Households in Ukraine must be cleaned by Maundy (or Holy) Thursday, as on this day, hosts traditionally bake Easter bread "paska," which is also a more informal way to name the holiday. Every family comes up with a few variously shaped and sized paskas—traditionally, there should be one for each member. Ukrainian women don't spare eggs, milk, and raisins for this occasion. Neither do they limit their time or efforts—one has to knead the dough for at least an hour. That being said, in recent years, lots of bakeries and grocery stores also sell a variety of Easter bread, and many locals take advantage of this.
Easter eggs: krashanka and pysanka
Another crucial tradition is egg painting. Krashanka is a hard-boiled egg painted with natural colorings from onion shells or beetroots. In contrast, pysanka is a raw egg decorated with various symbolic ornaments. Krashanka must be eaten, and pysanka is supposed to protect the household from evil. In ancient times, the crust and yolk of a pysanka had to remain whole, but modern pysankas are also made from either boiled or emptied eggs.
Ukrainian men also help with Easter preparations—they are responsible for grating horseradish, in particular. When mixed with beetroots, horseradish turns into a local specialty, called khrin, buriachky, or tsvikli. This dish, along with Easter bread, krashankas, and pysankas, goes to the Easter basket. So do other products, such as ham, sausages, butter, salt, and others. The basket is covered with a neatly embroidered towel. Also, lots of Ukrainians wear embroidered Ukrainian "vyshyvankas". Depending on the region, some parishes get their Easter baskets blessed at the daytime Saturday services, while others stick to an ancient tradition of nighttime Sunday services. Anyways, the goodies from the Easter basket are not to be eaten until Easter Sunday morning after the Easter Service.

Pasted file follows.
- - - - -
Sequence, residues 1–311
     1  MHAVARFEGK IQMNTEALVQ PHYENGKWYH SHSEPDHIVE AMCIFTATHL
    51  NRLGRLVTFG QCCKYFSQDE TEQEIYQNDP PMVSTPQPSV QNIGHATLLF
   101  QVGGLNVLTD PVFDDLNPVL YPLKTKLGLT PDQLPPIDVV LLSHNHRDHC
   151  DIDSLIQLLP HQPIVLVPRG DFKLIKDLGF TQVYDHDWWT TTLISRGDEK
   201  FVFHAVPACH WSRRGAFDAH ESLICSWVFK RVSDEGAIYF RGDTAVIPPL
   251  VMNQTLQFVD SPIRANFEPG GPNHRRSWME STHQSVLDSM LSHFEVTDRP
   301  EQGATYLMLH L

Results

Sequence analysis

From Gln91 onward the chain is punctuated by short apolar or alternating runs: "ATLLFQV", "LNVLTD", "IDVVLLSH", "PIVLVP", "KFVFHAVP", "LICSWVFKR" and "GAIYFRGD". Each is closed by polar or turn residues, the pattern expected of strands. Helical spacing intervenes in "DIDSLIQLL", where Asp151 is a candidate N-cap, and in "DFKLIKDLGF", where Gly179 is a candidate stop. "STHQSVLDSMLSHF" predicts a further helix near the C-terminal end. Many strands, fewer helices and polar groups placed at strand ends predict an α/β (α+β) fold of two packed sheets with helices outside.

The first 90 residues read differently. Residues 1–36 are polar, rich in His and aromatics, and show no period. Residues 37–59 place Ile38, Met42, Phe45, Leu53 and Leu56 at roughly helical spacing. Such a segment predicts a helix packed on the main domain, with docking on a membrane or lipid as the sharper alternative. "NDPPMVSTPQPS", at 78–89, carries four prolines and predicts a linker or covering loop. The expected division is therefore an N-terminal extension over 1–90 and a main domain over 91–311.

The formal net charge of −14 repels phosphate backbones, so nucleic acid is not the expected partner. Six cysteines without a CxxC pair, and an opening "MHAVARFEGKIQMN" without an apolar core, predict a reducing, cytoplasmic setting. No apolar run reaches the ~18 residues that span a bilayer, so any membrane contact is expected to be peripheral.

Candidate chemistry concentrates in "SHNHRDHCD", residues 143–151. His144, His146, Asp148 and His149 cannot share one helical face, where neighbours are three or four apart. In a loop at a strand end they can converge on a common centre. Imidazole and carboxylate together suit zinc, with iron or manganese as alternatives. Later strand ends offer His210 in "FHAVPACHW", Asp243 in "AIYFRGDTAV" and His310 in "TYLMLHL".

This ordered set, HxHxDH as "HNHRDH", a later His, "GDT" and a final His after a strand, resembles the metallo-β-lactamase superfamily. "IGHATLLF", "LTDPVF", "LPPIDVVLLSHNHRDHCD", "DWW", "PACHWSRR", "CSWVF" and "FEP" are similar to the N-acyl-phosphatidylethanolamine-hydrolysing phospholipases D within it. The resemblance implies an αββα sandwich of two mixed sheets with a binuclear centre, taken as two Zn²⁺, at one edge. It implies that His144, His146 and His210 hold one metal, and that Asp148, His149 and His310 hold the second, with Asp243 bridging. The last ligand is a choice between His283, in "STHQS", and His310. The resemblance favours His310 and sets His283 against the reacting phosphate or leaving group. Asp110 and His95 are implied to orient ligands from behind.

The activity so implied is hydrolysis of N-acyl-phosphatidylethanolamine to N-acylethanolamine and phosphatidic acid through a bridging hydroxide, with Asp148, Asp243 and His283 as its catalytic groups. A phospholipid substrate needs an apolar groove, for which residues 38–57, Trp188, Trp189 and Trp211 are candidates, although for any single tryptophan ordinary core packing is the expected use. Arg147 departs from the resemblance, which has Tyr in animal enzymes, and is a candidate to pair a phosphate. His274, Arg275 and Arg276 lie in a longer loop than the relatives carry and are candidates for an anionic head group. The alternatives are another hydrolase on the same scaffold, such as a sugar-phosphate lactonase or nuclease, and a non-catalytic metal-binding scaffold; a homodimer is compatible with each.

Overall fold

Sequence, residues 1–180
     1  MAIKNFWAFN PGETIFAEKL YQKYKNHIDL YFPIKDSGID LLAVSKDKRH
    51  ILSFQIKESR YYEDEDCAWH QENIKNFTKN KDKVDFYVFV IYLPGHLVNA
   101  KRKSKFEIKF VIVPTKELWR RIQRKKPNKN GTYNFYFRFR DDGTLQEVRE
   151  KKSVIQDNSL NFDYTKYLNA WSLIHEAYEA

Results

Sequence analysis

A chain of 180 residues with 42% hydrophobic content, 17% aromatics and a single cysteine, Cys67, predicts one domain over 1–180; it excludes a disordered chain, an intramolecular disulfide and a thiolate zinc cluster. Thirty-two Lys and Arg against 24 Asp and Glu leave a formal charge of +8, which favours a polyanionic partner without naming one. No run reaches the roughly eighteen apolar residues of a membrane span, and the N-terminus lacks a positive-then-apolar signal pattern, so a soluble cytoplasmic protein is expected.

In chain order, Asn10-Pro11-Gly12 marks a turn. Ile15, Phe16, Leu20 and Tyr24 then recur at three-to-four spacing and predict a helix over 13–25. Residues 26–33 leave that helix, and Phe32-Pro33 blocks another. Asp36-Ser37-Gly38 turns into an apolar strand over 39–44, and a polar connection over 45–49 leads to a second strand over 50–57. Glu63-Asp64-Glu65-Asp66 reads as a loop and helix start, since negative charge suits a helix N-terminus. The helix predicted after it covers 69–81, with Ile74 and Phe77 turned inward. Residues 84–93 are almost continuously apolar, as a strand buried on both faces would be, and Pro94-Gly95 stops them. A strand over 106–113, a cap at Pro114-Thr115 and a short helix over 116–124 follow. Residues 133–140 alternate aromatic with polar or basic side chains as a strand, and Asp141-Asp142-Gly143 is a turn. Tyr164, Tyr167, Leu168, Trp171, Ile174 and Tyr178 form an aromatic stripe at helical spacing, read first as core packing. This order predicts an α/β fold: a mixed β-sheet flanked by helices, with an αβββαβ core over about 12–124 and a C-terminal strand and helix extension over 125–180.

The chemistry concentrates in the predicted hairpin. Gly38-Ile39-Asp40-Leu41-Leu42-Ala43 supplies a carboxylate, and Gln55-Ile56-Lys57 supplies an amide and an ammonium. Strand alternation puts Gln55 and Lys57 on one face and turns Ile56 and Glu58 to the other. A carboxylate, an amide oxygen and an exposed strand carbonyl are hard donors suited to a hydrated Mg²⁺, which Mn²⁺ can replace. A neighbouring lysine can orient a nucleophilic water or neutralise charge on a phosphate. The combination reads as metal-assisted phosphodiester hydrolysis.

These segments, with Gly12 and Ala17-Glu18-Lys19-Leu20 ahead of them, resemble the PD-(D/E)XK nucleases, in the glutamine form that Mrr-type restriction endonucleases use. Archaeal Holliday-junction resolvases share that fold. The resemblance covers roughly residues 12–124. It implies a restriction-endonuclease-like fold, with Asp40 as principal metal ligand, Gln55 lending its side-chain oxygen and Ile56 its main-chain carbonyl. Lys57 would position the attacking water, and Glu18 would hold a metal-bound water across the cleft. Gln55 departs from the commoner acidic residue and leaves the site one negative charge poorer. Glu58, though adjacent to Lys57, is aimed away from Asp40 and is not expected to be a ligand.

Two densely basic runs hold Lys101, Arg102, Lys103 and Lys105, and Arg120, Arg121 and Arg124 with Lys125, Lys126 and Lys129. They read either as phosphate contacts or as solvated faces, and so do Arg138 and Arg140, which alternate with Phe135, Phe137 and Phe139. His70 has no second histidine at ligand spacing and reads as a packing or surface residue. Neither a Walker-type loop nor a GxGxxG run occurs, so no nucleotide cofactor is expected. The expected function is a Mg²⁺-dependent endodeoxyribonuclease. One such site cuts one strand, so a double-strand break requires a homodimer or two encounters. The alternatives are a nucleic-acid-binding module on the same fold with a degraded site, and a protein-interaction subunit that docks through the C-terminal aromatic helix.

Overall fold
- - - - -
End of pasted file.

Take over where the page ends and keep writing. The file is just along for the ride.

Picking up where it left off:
Easter Sunday (April 16, 2023)
For many Ukrainians, Easter Sunday begins at Midnight Easter Liturgy. At this time, the merriments begin—church bells ring throughout the country, while churchgoers greet each other: "Khrystos Voskres!—Voistynu Voskres!" This wonderful phrase means "Christ is Risen!—He is Risen indeed!" Families assemble together, bringing their paskas and krashankas as a gift. An unmarried girl is supposed to try 12 different paskas to get married soon. Colored eggs are also involved in mocking competitions—the participants hit each others' eggs to find out whose is stronger. The owner of the intact egg can expect good luck. Horilka is also on the festive table, even though this strong spirit drink isn't put into the Easter basket.
We could have included so much more about Easter traditions in Ukraine, but you should come and see it all with your own eyes. If you're into Easter in Ukraine, plan your Easter trip and book your stay in advance, as the season promises to be rather busy. The map below showcases the best accommodations near the places listed in the article.